Nurses Striking for Safe Patient Care While Wall Street Worries Over the Hospital Bond Issues – Why We Can’t Success
Posted Jun 28 2010 7:07pm
Do the folks on Wall Street give a darn over what goes on at the hospital and anything about safe patient care? It doesn’t appear that way does it. In the meantime the nurses that we depend upon, who really know everything and every detail when it comes to your care are potentially striking to drive this point home so they can provide safety to patients and work in a productive atmosphere.
There are hospitals that have laid off medical staff and they are running and working to the point to where they can’t keep up, simply as there is too much to keep track of. Certainly technology helps but you can only cut so far before safety and care gets affected. What is it going to be like one day when private equity and hedge funds start running all the hospitals – big clue, you are not going to like it and with the fascination of everything needing to make a profit today and being a business, that’s where we are headed.
This could end up being one of the biggest strikes in labor history and yes it will cost money. By comparison, let’s look and see what Wall Street is doing, hiring more individuals at million dollar salaries and more.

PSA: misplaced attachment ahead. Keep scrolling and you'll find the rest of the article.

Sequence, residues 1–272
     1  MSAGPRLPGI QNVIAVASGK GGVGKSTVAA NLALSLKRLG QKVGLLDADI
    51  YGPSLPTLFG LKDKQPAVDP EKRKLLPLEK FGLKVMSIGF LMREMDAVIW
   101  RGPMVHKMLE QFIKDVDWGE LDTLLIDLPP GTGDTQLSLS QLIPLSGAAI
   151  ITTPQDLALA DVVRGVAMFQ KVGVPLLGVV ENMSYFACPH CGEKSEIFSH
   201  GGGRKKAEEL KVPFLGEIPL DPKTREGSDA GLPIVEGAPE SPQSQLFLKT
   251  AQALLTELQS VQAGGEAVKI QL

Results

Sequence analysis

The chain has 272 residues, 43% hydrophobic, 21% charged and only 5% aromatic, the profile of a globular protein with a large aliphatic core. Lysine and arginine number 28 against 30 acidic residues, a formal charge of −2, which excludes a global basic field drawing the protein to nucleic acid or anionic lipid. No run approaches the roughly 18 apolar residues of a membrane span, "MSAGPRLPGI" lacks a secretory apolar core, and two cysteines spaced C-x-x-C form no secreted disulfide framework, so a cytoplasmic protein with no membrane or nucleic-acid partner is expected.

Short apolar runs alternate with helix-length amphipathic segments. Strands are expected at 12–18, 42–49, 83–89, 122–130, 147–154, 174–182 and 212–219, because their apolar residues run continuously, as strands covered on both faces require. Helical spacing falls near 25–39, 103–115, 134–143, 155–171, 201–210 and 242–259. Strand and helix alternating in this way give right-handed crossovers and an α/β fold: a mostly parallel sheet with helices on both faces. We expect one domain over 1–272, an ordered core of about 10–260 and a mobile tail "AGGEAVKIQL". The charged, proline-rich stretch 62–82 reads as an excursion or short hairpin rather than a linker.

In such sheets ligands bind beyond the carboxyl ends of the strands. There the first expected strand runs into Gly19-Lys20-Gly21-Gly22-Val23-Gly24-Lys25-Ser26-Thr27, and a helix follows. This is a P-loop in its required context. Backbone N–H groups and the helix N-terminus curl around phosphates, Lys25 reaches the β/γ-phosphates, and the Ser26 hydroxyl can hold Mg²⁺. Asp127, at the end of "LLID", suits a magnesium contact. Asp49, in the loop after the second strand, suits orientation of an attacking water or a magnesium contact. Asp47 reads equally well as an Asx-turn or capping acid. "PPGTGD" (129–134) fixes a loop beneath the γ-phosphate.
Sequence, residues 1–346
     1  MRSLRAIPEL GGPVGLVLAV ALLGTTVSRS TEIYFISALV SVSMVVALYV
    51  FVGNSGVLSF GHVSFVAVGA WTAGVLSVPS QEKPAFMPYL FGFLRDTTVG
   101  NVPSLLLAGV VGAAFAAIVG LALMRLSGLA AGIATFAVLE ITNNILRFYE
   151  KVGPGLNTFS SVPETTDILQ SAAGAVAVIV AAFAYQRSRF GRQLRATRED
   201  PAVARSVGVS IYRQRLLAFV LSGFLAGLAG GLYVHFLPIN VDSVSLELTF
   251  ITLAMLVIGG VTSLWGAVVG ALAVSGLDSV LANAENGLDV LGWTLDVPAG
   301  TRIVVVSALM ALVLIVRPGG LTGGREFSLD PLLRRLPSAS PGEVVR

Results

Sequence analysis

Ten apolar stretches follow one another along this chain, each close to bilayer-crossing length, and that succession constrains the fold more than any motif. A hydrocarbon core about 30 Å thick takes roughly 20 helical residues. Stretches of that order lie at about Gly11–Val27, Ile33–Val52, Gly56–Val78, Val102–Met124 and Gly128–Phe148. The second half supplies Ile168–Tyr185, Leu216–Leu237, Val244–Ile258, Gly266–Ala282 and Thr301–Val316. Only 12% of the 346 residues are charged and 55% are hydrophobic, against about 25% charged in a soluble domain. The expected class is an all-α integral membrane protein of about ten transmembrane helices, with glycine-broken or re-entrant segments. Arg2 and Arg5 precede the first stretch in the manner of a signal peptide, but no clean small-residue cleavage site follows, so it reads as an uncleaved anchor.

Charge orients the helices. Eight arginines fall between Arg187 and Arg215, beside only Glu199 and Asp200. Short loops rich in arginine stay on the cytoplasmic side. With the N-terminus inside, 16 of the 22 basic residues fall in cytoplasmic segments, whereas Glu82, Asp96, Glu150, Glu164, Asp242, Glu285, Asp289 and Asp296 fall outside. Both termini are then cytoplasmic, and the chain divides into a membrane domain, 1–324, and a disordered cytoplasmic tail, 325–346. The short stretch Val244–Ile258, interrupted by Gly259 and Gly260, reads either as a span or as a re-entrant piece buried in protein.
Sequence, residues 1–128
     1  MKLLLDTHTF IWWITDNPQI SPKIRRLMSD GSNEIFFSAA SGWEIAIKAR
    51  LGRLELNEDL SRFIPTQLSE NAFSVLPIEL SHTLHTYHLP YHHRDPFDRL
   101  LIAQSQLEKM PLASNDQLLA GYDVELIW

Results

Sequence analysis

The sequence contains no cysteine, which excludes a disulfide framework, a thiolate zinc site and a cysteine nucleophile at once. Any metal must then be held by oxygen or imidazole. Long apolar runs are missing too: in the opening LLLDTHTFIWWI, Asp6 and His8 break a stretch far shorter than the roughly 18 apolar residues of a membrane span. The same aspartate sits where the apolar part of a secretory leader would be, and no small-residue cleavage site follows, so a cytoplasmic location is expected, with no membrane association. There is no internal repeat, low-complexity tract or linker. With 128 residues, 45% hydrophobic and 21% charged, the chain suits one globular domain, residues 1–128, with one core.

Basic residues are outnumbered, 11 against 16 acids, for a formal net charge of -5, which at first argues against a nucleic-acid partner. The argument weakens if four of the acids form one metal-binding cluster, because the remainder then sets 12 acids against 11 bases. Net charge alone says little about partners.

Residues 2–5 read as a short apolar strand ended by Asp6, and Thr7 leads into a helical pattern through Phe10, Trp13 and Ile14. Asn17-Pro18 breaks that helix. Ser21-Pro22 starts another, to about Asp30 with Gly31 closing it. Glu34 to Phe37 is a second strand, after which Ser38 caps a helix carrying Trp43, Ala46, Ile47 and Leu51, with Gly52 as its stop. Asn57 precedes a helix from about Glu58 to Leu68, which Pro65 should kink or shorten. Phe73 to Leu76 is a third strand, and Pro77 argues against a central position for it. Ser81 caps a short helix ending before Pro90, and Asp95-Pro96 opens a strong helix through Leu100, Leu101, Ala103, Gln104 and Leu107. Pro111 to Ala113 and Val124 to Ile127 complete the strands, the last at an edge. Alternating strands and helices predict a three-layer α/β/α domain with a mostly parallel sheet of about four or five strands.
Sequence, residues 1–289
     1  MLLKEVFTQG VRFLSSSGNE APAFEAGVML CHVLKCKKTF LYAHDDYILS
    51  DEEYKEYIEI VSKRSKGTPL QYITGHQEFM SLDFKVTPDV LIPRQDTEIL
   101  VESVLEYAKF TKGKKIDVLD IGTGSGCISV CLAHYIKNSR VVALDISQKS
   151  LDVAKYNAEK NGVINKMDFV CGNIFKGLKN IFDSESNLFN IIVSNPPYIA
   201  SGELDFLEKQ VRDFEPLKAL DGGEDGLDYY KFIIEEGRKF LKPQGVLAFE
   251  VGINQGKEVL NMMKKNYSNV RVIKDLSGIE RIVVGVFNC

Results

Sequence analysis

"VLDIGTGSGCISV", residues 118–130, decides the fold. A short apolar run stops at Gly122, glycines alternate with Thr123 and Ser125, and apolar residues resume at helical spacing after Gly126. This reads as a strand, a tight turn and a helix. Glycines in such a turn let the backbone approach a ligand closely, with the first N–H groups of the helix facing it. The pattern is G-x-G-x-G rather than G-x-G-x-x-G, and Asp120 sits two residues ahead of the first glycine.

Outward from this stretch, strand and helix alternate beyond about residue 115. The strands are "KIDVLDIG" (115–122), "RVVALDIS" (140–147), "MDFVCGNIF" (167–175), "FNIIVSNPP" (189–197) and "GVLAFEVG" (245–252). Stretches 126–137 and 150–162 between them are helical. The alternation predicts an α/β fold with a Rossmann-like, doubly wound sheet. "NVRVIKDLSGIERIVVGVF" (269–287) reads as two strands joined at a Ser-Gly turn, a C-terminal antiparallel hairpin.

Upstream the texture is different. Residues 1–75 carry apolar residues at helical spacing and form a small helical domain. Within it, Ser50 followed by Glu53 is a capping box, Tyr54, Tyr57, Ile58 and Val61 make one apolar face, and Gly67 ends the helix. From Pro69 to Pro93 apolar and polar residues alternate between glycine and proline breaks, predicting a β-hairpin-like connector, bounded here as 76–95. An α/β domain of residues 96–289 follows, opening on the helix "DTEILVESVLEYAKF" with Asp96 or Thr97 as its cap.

This scene is not limited to Minnesota and is spreading all over the US so again when it comes to the best care that money can buy for healthcare, it may not be there some day for the illusionists who don’t focus on healthcare but rather see everything as a credit or bond issue and hang on to the algorithms for dear life with their desired results.
We need balance in life and we are certainly not seeing it here and the further erosion of ethics continues. BD
Wall Street analysts are taking note of the impending labor strike of more than 12,000 hospital nurses in Minnesota, and they don't like what they see.
It would create significant pressure on bond ratings at the systems. The report describes a multiplier effect on hospitals' profitability, as labor costs rise quickly through expensive temporary labor, while utilization drops, particularly among patients who would receive nonemergency procedures.
Three of the four systems in the Twin Cities rated by Moody's have a stable outlook as of today, but their balance sheets are fragile. The four systems together earned just $284 million in operating income on $7.2 billion in operating revenue in 2009, for an operating margin of 3.9%. “If the strike raises costs even slightly, it will have a significant effect on margins,” Moody's analyst Sarah Vennekotter wrote.